2019/11/10 Dresden, Germany
To start us off, could you please tell us about the situation with the world’s soil today? What is the status quo?
One-third of the world’s soil is degraded. This happens through several processes including erosion by water and wind, salinisation, depletion of soil organic matter content, acidification, and nutrient imbalance. The degradation of soil impacts productivity. The total amount of food that can be produced is less than the potential. We call this the yield gap – the difference between what could be obtained and what is actually being obtained. Soil degradation increases that yield gap. What’s worse is that the quality of food is also deteriorating. A micronutrient deficiency in the soil affects the food we produce from it. This has several implications, including for our health.
So, soil degradation threatens food security. Going a step further, what does soil degradation mean when we consider other global trends such as climate change?
Climate change is likely to increase the risks of soil degradation, especially through erosion by both wind and water. It is estimated that erosion may increase by 14% globally by climate change. In Africa, soil erosion may increase as much as 38% because of extreme events like heatwaves and drought stress. These extreme events will increase with intensifying climate change.
Therefore, we need to take care of our land. When we talk about the Nexus Approach towards sustainable environmental management, we talk about interlinkages with resources such as water and waste and how these interlinkages impact one another. How do you think nexus thinking benefits soil science?
Nexus thinking is about finding symbiotic relationships. We try to link one thing with another and find out what symbioses are created by the linkage. Soil degradation happens because soil organic matter content is depleted by mismanagement and its concentration goes below the threshold level. Nexus thinking means that if there is a drought, flood, or a problem of high temperature, rather than looking at the problem in an isolated manner, we find out what problems can be coupled. If we can link these issues through addressing one or two key soil processes like organic matter content, that has many benefits.
So far, you have mostly addressed soil scientists. What would be your one message that you would relay to scientists of other disciplines?
Climate change is an interdisciplinary subject. Soil science is only one component of climate science. If we want to translate any science into action, that requires policy intervention. Unless the team dealing with soil degradation is interdisciplinary – with members from the social sciences, policy, economics, and biophysical sciences working together – the problem cannot be addressed. At times it requires us going further to work across disciplines (transdisciplinary).
You brought up the subject of translating science into action. What would be the three most urgent actions that need to be taken to address soil and land degradation?
Land use would be a very important discipline. We also need to study soil because the soil is being degraded. Last but not least, we need to communicate science to the general public. Most of these issues are not being disseminated adequately, therefore, they perpetuate.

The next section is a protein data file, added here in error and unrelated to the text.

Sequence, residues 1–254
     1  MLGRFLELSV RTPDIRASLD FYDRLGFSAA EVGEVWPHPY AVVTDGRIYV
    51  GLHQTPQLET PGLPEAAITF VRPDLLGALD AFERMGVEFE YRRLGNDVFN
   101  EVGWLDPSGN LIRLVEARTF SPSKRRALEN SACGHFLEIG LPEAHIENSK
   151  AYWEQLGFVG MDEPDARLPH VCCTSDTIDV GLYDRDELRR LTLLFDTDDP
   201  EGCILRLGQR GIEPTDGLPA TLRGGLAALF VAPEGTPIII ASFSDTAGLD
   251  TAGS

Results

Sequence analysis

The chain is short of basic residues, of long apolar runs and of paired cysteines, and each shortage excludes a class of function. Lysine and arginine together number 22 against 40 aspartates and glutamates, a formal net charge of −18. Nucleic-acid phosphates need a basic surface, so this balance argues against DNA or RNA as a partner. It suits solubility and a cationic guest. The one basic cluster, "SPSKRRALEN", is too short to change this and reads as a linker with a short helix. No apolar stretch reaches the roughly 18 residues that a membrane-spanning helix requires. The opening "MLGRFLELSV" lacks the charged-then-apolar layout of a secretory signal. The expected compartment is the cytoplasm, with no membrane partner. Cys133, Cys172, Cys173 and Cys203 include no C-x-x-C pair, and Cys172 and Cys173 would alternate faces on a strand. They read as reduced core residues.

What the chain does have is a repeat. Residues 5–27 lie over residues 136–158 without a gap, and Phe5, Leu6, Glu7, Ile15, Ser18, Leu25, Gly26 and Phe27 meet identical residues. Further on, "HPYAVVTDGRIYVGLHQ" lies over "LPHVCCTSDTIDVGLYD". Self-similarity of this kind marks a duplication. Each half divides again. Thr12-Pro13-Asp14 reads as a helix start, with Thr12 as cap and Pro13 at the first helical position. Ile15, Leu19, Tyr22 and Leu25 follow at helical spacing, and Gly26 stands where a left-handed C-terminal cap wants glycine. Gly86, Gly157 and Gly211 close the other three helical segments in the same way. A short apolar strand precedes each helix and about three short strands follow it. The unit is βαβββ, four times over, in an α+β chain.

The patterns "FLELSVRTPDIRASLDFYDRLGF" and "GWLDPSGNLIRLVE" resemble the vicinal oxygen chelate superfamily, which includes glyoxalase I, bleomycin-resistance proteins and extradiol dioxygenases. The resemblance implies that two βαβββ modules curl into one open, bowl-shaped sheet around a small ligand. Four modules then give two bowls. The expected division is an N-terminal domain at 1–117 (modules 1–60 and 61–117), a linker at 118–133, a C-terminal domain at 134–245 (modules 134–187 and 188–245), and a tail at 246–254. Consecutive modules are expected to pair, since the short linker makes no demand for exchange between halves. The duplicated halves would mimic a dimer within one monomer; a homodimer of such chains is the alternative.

I like that you mentioned science communication. Indeed, often we encounter that while water and waste happen to be issues that are generally accessible, soil science tends to be a lot more distant for the public. How would you see the role of communication helping raise awareness about soil science?
We are not making as much progress as we could because the scientific knowledge is not being put into a language that the public and policymakers can understand. So, communicating the scientific data to the general public so that they are aware of the problems and, more importantly, to policymakers. Communication is a very important element. We must, as scientists, encourage communication to help us spread our message so that people become aware. We have to go beyond our peers and not publish our work exclusively in places where our peers will appreciate. We must publish in places where the general public can appreciate.
Agenda 2030 provides an international platform to bring different actors together to act for sustainable development. In the design of the Sustainable Development Goals (SDGs), it has been said that the soil science community had not been consulted. How did that happen?
There are 17 SDGs and the word “soil” is not mentioned in any of them. The land is mentioned (Life on land) but the soil is not land. Soil is an important part of the land, but land is everything between the stratosphere and the bedrock. Even people are a part of the land. So, whether it is about poverty, hunger, climate change mitigation, or managing water quality, the soil is the medium which has the capacity to solve those issues. I believe it is the responsibility of the scientific community – which in this case had failed – to communicate that important knowledge to the people who were drafting a global plan of action.
Would you say then that soil could be the solution for climate change?
It is. The solution lies underfoot. We do not recognise it. We take it for granted. Soil is the basis of all life. Shouldn’t soil have a right to be protected, restored, flourish, and thrive? It should be free from abuse, pollution, and misuse. Soil is finite, fragile, and easily depleted. If we think from that point of view, then I think we would look after it more carefully. Maybe if we see ourselves as a part of nature, rather than thinking that nature belongs to us, then perhaps some of the issues that the world is facing would not be there.